Statement of the National Executive Committee of the African National Congress on the occasion of the 99th Anniversary of the ANC
08 January 2011
Comrades and Compatriots,
Today the African National Congress is 99 years old and thus enters its 100th year of its existence.
When we celebrate our centenary in Mangaung next year, we will be celebrating the triumph of a people united in struggle, when the masses of our people united with progressive forces across the world, to fight against an oppressive regime.
As South Africans, Africans and humanity at large we celebrate this tremendous example of human solidarity.
On this 99th anniversary of the ANC, we are proud to state boldly that whilst others may change their allegiances and their mission with the shifting sands of illusion, the ANC remains consistent. We adapt to and move with the times, but our mission remains the creation of a united, non-racial, non-sexist, democratic and prosperous society.
The ANC is the
most consistent entity for transformation of our country. We have not
back-tracked, we have worked to achieve the goals of the National Democratic
Revolution, (NDR), which is to build a national democratic society.
Our consistency saw us travel the path battling a violent past and achieving peace for our children in their lifetime. Now the children of our children must be given the right they own, to enjoy peace and to build our nation and achieve prosperity.
This is the
year for consolidating people’s power for the national democratic society as we
move towards the 100 years of selfless people's struggle.
We must make the decisive shift to meaningful economic transformation and set in motion a very deliberate programme that will ensure that the benefits of our political liberation are shared amongst all our people.
Our people have struggled selflessly for freedom from oppression. We cannot fail them when it comes to the struggle for the elimination of poverty.
To this end the ANC will be in the forefront of engaging with every role player in this economy and marshal our forces towards the goal of achieving an eradication of poverty.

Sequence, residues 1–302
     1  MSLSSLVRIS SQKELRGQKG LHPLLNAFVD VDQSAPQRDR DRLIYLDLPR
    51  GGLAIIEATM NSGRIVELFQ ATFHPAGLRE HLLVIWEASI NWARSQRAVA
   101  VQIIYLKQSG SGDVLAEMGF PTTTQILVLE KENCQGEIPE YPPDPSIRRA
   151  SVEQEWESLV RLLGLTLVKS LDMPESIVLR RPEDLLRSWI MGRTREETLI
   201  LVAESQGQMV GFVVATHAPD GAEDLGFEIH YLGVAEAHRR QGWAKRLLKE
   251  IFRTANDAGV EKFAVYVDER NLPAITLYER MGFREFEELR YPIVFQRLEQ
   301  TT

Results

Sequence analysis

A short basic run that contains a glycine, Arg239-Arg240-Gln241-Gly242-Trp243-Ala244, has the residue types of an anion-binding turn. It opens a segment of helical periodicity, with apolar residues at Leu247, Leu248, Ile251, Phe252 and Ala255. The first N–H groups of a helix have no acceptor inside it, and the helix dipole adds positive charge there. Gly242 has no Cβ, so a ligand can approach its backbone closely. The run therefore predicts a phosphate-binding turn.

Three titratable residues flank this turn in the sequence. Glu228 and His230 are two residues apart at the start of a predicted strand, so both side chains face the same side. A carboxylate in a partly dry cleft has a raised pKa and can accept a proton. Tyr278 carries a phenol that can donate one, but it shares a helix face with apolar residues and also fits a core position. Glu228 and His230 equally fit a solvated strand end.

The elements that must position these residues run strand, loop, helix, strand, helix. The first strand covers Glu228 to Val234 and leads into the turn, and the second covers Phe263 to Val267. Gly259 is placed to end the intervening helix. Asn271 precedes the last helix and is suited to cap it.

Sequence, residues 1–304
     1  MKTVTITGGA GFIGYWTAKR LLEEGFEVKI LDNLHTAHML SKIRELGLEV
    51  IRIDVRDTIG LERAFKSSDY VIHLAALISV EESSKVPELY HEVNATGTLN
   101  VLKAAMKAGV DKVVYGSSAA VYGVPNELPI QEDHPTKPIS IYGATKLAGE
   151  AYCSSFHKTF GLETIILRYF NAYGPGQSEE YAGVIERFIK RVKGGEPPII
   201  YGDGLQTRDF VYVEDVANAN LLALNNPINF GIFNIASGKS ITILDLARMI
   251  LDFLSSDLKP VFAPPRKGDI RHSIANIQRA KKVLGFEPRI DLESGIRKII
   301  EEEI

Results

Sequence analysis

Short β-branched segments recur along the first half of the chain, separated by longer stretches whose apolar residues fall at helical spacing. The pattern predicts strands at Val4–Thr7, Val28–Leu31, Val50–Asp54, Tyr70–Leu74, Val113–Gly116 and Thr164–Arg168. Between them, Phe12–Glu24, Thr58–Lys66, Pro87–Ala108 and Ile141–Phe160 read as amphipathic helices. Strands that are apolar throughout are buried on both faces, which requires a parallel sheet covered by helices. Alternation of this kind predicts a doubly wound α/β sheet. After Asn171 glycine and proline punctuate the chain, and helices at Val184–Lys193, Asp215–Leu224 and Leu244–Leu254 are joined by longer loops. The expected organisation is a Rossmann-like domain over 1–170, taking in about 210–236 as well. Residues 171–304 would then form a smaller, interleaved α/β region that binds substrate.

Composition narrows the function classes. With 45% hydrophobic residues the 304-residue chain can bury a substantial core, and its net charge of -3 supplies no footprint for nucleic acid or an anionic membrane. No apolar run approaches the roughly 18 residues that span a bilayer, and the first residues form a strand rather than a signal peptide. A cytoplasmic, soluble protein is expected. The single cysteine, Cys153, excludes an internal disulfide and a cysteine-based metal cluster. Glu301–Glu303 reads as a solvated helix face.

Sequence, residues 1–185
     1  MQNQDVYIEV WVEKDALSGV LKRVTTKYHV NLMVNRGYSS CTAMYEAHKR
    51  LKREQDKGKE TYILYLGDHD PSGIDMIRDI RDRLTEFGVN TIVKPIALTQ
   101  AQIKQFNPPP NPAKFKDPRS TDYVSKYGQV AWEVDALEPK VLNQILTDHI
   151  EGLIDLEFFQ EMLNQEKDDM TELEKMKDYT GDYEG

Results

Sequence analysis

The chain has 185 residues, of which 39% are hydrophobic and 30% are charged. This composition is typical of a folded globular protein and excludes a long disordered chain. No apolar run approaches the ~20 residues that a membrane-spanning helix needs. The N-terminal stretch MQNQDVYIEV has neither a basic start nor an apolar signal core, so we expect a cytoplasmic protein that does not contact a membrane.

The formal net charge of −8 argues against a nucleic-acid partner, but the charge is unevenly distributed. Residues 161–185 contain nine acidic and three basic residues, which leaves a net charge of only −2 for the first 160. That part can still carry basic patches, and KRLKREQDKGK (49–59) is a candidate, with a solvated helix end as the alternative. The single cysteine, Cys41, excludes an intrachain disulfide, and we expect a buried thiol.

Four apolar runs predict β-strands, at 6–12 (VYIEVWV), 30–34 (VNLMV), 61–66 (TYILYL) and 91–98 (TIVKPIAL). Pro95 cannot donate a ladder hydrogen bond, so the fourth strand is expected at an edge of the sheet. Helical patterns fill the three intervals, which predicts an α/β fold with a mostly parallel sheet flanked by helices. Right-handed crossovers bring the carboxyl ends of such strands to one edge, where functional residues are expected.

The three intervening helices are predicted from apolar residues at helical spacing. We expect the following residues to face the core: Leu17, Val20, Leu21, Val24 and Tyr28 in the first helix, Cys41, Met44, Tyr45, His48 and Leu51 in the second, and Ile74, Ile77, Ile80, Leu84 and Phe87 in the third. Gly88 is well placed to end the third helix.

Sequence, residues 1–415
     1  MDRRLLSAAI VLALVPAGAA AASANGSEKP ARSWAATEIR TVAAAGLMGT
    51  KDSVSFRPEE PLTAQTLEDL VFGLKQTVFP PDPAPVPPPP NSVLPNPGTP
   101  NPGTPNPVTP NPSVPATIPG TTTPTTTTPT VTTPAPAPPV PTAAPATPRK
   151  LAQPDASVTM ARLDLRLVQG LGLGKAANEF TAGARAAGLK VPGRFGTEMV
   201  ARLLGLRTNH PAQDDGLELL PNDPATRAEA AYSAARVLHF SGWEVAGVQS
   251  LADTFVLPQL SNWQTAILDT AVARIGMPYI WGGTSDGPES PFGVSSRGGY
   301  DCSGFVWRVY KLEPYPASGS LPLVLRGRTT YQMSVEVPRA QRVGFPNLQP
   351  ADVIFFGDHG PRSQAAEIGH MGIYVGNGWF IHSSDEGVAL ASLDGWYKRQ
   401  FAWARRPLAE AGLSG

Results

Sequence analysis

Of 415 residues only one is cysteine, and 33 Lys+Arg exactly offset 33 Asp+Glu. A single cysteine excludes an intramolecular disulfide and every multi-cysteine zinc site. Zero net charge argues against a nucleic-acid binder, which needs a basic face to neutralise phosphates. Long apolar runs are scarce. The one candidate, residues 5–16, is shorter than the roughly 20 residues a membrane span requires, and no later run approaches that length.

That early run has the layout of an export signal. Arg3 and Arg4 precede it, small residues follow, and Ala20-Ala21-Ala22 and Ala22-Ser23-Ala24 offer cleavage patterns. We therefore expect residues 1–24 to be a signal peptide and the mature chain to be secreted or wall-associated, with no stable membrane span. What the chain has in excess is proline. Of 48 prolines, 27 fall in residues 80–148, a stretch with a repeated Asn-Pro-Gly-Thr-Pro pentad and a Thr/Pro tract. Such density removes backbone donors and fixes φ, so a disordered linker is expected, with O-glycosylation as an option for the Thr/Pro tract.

This will include the deepening of empowerment of black South Africans in general. We have to live the promise of the Freedom Charter, which states amongst others, that all our people will share in the wealth of the country.
Political emancipation without economic transformation is meaningless. That is why we have to commit ourselves to economic freedom in our lifetime, and the ANC must continue to be in the forefront of that transformation.
On this special occasion we take note of special anniversaries that will be marked this year.
We will celebrate:
- Ninety-Five Years since the establishment of the historic and epoch making University Of Fort Hare.
- Ninety Years since the formation of the Communist Party of South Africa; now the South African Communist Party.
- Eighty years since the formation of the Bantu Women’s League, the forerunner of the ANC Women’s League, which leads us in the fight for the emancipation of women.
- Fifty years since the establishment of the people’s army, uMkhonto we Sizwe.
- Fifty years of the receiving of the Nobel Peace Prize by ANC President-General Chief Albert Luthuli.
- Thirty five years since the Soweto students uprising.
- Twenty years since the United Democratic Front declared that its goals had been met and called on our people to build the ANC into a mighty force for justice, democracy and peace.
- Twenty years since the first meeting of the Convention for a Democratic South Africa, which was tasked with resolving centuries of political conflict in our country, and also with defining the transitional constitutional arrangement for a post-apartheid South Africa.
SELFLESS AND CONSISTENT STRUGGLE
The ANC has an enormous responsibility as the leader of society and as the only organisation capable of uniting all the people of South Africa around a common vision.
As described by our former President, Comrade Oliver Tambo, at the funeral of Comrade Moses Mabhida, the ANC is the “parliament of all the people of our country, the representative of our future (and) the negation of the divisions and conflicts that racial arrogance and capitalist greed have imposed on our people”.